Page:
Self-Coaching for Leadership Strength
Perfect for today’s time-challenged managers
NJ Business Magazine
March 01, 2011
One of the best ways for an organization to sustain success far into the future is to develop its leadership “bench strength.” In a perfect world, organizations would be able to give their promising young managers all the skills and support needed to fully prepare them to take over the reins. Alas, reality has a way of compromising perfection: Limited resources prevent companies from investing as much as they should in the next generation of leaders. The challenge is especially acute for small- and medium-sized companies, where it’s not just dollars that are in short supply. “Lean” management means longer hours, more responsibilities, and less time for the current crop of leaders to devote to grooming their successors. Given the growing constraints, how can today’s executives grow the next generation of leaders?
Suggestion: Implement a self-coaching program for mid-level executives and contributors, especially those with high potential. Self-coaching provides an alternative when you can’t afford to invest in professional coaching and don’t have sufficient time to serve as a mentor to this talent pool. Giving mid-level employees access to a sound coaching process that they can follow on their own or with some assistance from colleagues can make the difference between unmotivated underachievers and enthusiastic, skilled successors to today’s leaders.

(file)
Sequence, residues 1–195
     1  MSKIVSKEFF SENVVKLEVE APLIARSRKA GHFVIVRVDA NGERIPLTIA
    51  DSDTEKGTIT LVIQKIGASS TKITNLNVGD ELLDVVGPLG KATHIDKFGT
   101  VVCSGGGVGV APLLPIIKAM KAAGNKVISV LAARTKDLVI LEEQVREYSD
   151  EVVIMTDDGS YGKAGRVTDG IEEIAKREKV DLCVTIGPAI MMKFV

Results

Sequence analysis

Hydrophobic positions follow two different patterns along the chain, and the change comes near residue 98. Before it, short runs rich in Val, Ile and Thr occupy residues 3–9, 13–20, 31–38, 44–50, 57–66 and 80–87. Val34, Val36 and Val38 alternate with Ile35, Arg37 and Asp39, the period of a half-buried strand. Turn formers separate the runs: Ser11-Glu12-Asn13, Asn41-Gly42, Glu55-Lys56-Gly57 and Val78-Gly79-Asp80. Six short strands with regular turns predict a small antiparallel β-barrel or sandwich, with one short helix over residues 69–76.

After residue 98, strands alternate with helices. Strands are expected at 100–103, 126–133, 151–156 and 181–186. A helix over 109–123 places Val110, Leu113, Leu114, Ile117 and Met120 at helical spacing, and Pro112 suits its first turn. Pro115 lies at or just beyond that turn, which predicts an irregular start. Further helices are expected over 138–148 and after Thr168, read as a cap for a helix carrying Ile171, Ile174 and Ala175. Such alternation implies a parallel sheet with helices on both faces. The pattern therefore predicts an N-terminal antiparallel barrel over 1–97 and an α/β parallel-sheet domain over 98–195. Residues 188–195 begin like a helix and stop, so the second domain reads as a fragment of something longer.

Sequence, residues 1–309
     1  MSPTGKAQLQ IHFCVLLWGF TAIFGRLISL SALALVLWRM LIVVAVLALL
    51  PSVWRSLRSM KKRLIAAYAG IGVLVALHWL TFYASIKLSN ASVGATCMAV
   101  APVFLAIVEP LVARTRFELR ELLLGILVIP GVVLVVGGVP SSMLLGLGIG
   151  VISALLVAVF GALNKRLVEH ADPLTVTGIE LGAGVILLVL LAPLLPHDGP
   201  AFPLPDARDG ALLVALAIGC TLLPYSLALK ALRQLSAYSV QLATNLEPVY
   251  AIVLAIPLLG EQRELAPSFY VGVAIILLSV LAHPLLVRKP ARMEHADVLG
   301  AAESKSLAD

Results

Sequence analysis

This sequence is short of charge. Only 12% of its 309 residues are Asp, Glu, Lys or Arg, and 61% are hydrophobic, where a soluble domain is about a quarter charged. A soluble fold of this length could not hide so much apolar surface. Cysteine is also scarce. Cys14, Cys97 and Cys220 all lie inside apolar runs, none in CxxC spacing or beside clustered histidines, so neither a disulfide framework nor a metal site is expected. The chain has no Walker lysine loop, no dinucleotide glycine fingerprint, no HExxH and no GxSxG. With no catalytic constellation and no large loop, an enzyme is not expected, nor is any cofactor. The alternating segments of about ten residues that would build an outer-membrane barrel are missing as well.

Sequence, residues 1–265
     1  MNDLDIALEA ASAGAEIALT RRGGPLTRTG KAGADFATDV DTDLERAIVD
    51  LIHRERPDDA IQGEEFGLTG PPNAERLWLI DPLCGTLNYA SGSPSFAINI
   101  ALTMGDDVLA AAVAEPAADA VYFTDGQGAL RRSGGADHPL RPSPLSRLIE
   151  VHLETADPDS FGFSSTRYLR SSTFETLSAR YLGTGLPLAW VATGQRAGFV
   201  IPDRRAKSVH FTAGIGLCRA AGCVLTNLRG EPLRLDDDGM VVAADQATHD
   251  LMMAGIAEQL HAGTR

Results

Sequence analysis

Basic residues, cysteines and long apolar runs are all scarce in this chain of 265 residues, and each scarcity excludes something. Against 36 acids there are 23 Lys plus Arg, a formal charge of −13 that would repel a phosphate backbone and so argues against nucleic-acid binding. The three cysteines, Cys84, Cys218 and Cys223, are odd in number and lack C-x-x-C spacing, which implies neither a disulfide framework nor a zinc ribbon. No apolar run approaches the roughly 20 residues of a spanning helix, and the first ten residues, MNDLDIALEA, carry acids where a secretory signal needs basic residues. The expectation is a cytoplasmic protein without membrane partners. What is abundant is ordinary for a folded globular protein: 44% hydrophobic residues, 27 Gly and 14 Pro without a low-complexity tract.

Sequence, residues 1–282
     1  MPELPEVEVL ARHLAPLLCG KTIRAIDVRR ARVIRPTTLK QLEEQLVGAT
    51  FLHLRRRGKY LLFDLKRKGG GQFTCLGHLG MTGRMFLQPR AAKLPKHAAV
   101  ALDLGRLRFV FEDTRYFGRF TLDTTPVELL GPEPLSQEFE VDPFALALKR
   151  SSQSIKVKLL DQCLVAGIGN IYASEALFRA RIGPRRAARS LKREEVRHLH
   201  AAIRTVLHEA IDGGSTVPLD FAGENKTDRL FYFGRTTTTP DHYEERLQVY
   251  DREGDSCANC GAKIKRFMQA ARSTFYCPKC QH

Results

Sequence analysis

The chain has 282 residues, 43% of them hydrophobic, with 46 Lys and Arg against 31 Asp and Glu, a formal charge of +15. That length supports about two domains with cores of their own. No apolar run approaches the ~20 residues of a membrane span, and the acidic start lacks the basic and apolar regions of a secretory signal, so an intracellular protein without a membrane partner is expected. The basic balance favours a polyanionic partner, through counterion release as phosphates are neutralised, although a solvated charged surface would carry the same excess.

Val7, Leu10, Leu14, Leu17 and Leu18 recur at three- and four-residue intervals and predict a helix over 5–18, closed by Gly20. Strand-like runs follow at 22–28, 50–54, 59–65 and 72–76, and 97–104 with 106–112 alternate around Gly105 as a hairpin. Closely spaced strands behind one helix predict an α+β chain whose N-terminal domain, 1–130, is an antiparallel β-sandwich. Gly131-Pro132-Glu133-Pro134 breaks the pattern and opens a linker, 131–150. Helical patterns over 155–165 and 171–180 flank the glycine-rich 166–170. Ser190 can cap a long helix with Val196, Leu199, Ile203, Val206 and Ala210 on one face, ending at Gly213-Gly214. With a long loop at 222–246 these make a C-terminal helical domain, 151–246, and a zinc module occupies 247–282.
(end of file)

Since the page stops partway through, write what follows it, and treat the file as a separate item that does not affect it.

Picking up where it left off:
A rigorous, disciplined self-coaching process follows these seven steps:
- Determine the individual’s coachability
- Select and commit to an intention
- Identify a mentor and stakeholders
- Solicit feedback
- Analyze and respond to feedback
- Develop and act on a game plan
- Track success and recalibrate
Self-coaching is a variation on the executive coaching process and follows the same steps. Starting a self-coaching program in your organization can be a fairly simple process. First, you need to partner with HR and your functional leaders to identify candidates for self-coaching. They know where the talent lies--which young managers have demonstrated the potential to shoulder greater responsibility and possess the requisite qualities, the ability to set aside their ego and depersonalize the process, the willingness to view feedback as a gift rather than a threat, and an inclination to self-explore and assume personal accountability.
Next, one of your HR professionals can lead a half-day seminar with targeted employees to start them thinking about their intention, or goal; assess their self-coachability; and identify a guide and circle of support who will help them as they move toward their intention. Those who would like to take the self-coaching route can begin following the seven-step process, coming together periodically, every month or two, to assess progress and compare notes.
Self-coaching provides high-potential talent with development opportunities that they might otherwise never receive. It also sends the message that you really believe that your employees are your greatest asset. It’s the most cost-effective way to increase employee engagement and loyalty and decrease the probability that your most promising talent will look for advancement among your competitors.